GRAIN staff and board meeting 2008
GRAIN held its annual planning and strategy meeting in the north of Argentina in October 2008. Our small staff (15 people) is scattered around the world and our annual meeting is the only time in the year when we actually meet. Of course, we are in constant contact, a process faciliated by internet phone services and other technological advances, but it is still important and satisfying once a year to get together. After the staff meeting, GRAIN also held its annual board meeting, which was attended by six board members.
A considerable part of both meetings was taken up by a lively discussion on the inter-connected financial, climate and food crises and how GRAIN should respond. Our special focus is the way these crises impact on farmers and on movements struggling against privatisation and corporate control in the areas of food, biodiversity and agriculture. Over the next year we shall be attempting to provide in Seedling and our other publications information on the global situation that feeds into these struggles, as well as using our outlets as a space in which movements can express their views and describe their struggles.
As always with our meetings, we took advantage of our location to visit groups with whom we work. One day we visited an indoor market run by small farmers working with the Movimiento Semillero de Misiones. They told us about their struggle to promote and exchange local seeds, to stem the advance of pine plantations and to prevent the introduction of genetically modified seeds. On another day we crossed the border into Brazil and visited Conquista na Fronteira, one of the oldest and best-known of the settlements run by the Movimento dos Sem Terra (MST), Brazil’s Landless Movement. The MST won this land through an occupation in 1986, and now a second generation of activists is beginning to take over the day-to-day farming activities. We were shown around by a couple of articulate and motivated young men in their early 20s, one of whom had been born in the settlement.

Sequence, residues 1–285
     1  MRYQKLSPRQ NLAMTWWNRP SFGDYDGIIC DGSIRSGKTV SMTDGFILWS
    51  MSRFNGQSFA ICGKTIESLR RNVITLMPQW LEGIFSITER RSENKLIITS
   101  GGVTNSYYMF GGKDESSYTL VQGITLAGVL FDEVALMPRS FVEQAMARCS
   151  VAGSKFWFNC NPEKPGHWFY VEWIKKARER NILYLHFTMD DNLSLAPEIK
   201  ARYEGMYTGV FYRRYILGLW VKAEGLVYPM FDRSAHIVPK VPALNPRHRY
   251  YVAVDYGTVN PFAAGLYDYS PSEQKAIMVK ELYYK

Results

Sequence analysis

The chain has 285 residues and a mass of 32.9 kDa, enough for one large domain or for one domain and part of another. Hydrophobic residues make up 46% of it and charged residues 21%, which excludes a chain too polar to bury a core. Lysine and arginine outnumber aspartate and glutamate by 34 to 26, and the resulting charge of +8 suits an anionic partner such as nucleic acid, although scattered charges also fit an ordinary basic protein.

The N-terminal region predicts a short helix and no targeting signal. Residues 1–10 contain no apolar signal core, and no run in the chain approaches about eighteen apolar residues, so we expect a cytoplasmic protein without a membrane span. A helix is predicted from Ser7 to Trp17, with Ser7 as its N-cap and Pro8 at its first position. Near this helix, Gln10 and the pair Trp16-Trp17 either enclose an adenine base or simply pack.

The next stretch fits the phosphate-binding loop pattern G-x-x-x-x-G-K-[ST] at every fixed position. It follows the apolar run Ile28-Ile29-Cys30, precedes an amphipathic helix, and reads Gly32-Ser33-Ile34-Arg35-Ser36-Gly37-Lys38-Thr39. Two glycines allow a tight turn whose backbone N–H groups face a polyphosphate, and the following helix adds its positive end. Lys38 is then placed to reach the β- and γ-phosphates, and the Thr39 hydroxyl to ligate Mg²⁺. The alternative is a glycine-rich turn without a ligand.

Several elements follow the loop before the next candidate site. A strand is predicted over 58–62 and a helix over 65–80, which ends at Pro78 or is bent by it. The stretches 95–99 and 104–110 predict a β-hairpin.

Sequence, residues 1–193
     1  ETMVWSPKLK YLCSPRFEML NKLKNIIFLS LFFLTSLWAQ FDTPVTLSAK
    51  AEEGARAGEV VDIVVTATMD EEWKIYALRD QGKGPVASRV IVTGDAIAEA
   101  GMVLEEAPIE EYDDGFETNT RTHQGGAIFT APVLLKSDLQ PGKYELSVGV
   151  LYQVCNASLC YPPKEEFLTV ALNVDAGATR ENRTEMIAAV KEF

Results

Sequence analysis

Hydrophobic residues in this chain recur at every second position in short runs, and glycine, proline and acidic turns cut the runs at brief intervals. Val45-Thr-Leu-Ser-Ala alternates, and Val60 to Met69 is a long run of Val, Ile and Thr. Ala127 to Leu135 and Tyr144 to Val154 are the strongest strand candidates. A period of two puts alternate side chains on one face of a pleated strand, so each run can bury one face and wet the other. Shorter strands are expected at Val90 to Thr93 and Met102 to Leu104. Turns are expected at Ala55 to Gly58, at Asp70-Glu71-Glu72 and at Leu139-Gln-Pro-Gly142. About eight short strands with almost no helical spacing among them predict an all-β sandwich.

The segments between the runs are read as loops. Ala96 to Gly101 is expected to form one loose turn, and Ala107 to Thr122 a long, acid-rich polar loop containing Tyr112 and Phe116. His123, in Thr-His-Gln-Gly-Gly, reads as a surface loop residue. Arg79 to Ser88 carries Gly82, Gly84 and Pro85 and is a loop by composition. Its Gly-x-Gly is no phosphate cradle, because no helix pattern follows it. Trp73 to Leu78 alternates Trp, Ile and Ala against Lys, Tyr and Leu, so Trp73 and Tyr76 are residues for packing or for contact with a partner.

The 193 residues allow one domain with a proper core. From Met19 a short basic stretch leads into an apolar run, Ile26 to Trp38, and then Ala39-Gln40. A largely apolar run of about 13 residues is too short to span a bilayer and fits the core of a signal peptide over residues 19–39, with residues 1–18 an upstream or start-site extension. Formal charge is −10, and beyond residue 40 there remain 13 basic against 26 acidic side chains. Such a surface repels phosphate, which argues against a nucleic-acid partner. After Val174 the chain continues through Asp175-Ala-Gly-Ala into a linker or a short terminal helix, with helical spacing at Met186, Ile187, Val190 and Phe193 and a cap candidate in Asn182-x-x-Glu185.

One bonus of holding our meetings in northern Argentina was our proximity to the breathtaking Iguazu waterfalls. After several long days of meetings, it was a delightful change to spend the day in the nature reserve on the Argentine side of falls. It had been raining heavily in the weeks prior to our visit, so the volume of water tumbling over the two-kilometre-long falls was huge. By chance, the sun was shining bright and hot on the day of our visit, so we had the best of both worlds. The shifting rainbows caused by the spray from the falls caught in the sunlight, through which hundreds of swallows threaded their flight, were quite spectacular.